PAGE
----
What Languages Should a Historian Learn?

Flags at my university. Note the Russian flag.

The title of this post was a recent Google search that led to my blog (I’m proud to say I ranked number one in that search, above the American Historical Association.) Usually the search terms that lead people to my blog are really boring, really strange, or just repetitive (I never knew how many people were fascinated by the Google maps car!), but this one made me think. My undergraduate program did not offer any advice on language learning for historians, so I’m assuming that other programs may not, either.

The most important language to learn is the main language spoken in your area of interest. Obviously, that means Russianists should learn Russian, those studying Mexico Spanish, and so on. Some people don’t immediately know what their area of speciality is. I would advise trying to decide as soon as possible which country you want to research, even if you don’t know the era you wish to focus on.

If you are really unsure about what area to focus on, start learning French or German. Many graduate programs require one, if not both of these languages in order to read historical scholarship. Unfortunately for me, I do not know either of these languages right now, which means I will have to suffer through “German for Historians” or “Reading French” if I end up going to graduate school. No wonder people take forever to get their PhDs sometimes…

Finally, if you have the time and the inclination, learn a language spoken in an area that influenced your main field of study. For example, I plan to learn Ukrainian and hopefully some Polish (I really hope I can get that summer grant to study Polish in Poland). Someone doing American history should probably learn Spanish. You get the idea.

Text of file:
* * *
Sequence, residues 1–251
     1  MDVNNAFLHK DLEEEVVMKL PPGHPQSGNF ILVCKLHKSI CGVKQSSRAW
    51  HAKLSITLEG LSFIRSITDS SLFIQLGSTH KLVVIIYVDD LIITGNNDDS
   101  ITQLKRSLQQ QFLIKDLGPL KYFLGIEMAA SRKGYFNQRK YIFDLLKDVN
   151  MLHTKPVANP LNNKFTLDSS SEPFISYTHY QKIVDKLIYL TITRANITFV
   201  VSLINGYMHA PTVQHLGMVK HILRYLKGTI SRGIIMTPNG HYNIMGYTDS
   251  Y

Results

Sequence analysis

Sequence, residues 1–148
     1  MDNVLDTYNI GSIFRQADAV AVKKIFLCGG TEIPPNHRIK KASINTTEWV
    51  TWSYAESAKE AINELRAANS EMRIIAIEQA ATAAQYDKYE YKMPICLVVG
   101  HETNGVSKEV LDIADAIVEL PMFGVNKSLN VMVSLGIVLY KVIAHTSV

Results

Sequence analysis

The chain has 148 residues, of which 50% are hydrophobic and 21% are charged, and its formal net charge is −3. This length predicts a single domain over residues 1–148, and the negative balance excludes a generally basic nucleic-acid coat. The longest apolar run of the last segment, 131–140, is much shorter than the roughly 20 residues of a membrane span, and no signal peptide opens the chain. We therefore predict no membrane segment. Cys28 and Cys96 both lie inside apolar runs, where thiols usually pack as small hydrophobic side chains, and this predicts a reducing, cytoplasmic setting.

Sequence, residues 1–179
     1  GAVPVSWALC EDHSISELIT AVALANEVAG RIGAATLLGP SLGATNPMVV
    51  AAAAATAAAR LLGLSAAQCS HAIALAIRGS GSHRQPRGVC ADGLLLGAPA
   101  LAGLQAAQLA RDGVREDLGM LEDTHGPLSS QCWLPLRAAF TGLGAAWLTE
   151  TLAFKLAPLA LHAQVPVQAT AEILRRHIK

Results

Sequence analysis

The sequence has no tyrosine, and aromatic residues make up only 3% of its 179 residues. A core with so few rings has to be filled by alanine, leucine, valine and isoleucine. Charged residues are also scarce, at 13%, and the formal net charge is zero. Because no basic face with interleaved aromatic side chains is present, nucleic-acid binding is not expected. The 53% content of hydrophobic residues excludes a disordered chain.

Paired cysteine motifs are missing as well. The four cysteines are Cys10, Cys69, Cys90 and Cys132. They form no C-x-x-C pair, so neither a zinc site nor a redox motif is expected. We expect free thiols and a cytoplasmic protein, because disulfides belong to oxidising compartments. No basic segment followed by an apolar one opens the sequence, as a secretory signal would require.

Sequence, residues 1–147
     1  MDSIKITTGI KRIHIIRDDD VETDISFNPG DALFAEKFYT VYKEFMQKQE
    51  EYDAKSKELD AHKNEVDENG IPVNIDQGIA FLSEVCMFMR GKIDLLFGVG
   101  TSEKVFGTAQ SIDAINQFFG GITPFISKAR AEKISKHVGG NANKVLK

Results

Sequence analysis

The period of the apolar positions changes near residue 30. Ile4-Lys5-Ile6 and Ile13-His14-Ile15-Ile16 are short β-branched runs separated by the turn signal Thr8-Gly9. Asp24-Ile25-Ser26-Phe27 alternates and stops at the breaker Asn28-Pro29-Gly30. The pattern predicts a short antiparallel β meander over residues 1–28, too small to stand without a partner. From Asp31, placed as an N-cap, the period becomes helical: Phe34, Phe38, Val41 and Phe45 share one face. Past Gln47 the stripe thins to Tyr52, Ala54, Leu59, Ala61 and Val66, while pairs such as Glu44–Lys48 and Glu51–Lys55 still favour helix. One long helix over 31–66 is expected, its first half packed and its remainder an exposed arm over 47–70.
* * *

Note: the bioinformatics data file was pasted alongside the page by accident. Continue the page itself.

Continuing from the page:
Questions? Comments? Let me know!


2 thoughts on “What Languages Should a Historian Learn?

  1. Dear Natalie,

    you certainly got me thinking with this post 🙂 I graduated History and English Language and Literature (it something like two different faculties…complicated), and was often wondering about the same question. Since I’m quite interested in WW2, I should have to brush up my German skills. On the other hand, Croatia’s (where I come from) national history overlaps with Italian (hence Italian), Bosnian (hence Turkish), Austrian and Hungarian histories… I am not that attracted to Hungarian, German and Italian I am familiar with and have learned them through high-school, but I would definitely like to learn Turkish one day 🙂 Perhaps when I have more time!

    Love your posts,


    1. Katarina, thanks for your comment. Having a strong interest in the foreign language one is learning is definitely important! 🙂


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